Angola cleared 1 480 anti-personnel, 113 anti-tank mines in 2013

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The Angolan Ministry of Assistance and Social Reintegration says 1 480 anti-personnel mines, 113 anti-tank mines, 77 559 pieces of unexploded ordnance, 30 600 munitions and 1 030 kilogrammes of assorted explosives were de-activated and destroyed in 2013.

Addressing local media on the progress of de-mining activities carried out by his ministry in the course of 2013, Assistance and Social Reintegration minister Joao Baptista Kussumua said the de-mining operations also led to an area of 148 000 square metres being cleared and the clearance of 1 752 kilometres of roads.

Kussumua added that outreach programmes by the ministry had reached 63 127 people who were sensitised on the dangers posed by landmines and other unexploded ordnance. Angola has intensified de-mining operations to clear the explosive remnants of the civil war which was fought between 1975 and 2002.

According to information from the National Demining Institute (INAD), 784 anti-personnel mines, 4 anti-tank mines, 297 pieces of un-exploded ordnance and 4 280 munitions and ammunition of various calibres were destroyed in the Lunda Sul province using manual and mechanized methods.

Salvador Colo, provincial head of the Multi-Sectoral Technical Commission for Demining and Humanitarian Assistance, said the organisation in now focused on clearing out landmines in the Cacolo, Muconda, Dala and Saurimo municipalities with the aim of freeing up more land for arable farming and resettlement to cater for the expansion of urban areas. At least 3.23 million square metres of land were cleared of landmines in the province in 2013.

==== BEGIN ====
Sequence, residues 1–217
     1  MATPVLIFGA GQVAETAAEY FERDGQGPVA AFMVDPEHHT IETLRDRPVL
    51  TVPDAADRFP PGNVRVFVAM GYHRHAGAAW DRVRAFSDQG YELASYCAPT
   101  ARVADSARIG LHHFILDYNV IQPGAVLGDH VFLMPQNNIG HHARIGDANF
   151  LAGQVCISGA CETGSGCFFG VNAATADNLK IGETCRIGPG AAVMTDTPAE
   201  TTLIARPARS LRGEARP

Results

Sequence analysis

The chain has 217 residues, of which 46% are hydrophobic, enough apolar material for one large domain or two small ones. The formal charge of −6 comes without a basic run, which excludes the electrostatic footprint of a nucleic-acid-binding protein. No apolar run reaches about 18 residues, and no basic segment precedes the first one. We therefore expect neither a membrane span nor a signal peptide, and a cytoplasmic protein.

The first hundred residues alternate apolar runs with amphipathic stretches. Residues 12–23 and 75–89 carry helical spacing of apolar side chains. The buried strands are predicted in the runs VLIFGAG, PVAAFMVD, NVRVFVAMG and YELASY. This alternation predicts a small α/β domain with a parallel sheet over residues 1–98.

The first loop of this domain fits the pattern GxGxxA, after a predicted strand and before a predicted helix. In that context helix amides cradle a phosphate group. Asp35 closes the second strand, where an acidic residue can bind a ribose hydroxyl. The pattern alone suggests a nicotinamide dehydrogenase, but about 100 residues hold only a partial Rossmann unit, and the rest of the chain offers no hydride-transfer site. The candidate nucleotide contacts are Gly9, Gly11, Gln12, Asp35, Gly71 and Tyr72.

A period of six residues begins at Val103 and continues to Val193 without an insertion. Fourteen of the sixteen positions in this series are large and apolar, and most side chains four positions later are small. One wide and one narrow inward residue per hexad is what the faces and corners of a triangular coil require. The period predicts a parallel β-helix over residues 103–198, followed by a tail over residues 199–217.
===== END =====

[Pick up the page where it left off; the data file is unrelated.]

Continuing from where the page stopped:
The INAD said it also cleared landmines from 3.1 million square metres of land in the central Huambo province where it deactivated and destroyed 2 anti-tank mines, 2 anti-personnel landmines, 139 pieces of unexploded ordnance and 392 pieces of ammunition of various calibres in 2013. The clearance works were done in collaboration with a specialised bomb disposal brigade of the Angolan Armed Forces (FAA).

In the Bie province, British de-mining NGO Halo Trust reported the deactivation and destruction of 113 anti-personnel mines, 16 anti-tank landmines, 739 pieces of un-exploded ordnance and 3 741 munitions and ammunition of various calibres in the course of 2013. The operations covered the districts of Kuito, Kunhinga, Kamacupa and Kuemba.

The INAD also reported the clearance of 5.3 million square metres of arable land following the removal and destruction of 11 anti-personnel mines, 7 anti – tank mines, 632 pieces of un-exploded ordnance and 51.095 assorted munitions and ammunition in the Cunene province.

In the same province, 66 firearms, 693 cartridges and 46 magazines of ammunition were handed over to the police under a voluntary disarmament programme which seeks to disarm, stabilise and secure the post-war communities.

Angola is still struggling to clear landmines and other remnants of war which are a legacy of the 1975 to 2002 civil war which pitted the government against rebels from the Union for the Total Independence of Angola (UNITA) which was led by the late Jonas Savimbi.

Despite the end of the war following the killing of Savimbi by the army early in 2002, the country remains among one of the most heavily mined countries in the world.

The de-mining programme is making slow progress and has of late been hamstrung by lack of funding, leading to a scaling back of the programme in various parts of the country.



Apart from Angola, Zimbabwe and Mozambique also face serious human security problems posed by landmines planted during the wars which led to the political liberation of those countries.